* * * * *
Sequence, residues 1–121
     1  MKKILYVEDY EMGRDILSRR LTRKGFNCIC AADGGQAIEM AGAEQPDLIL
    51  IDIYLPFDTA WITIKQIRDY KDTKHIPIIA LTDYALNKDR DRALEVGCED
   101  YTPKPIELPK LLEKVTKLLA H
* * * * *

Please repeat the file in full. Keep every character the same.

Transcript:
Sequence, residues 1–121
     1  MKKILYVEDY EMGRDILSRR LTRKGFNCIC AADGGQAIEM AGAEQPDLIL
    51  IDIYLPFDTA WITIKQIRDY KDTKHIPIIA LTDYALNKDR DRALEVGCED
   101  YTPKPIELPK LLEKVTKLLA H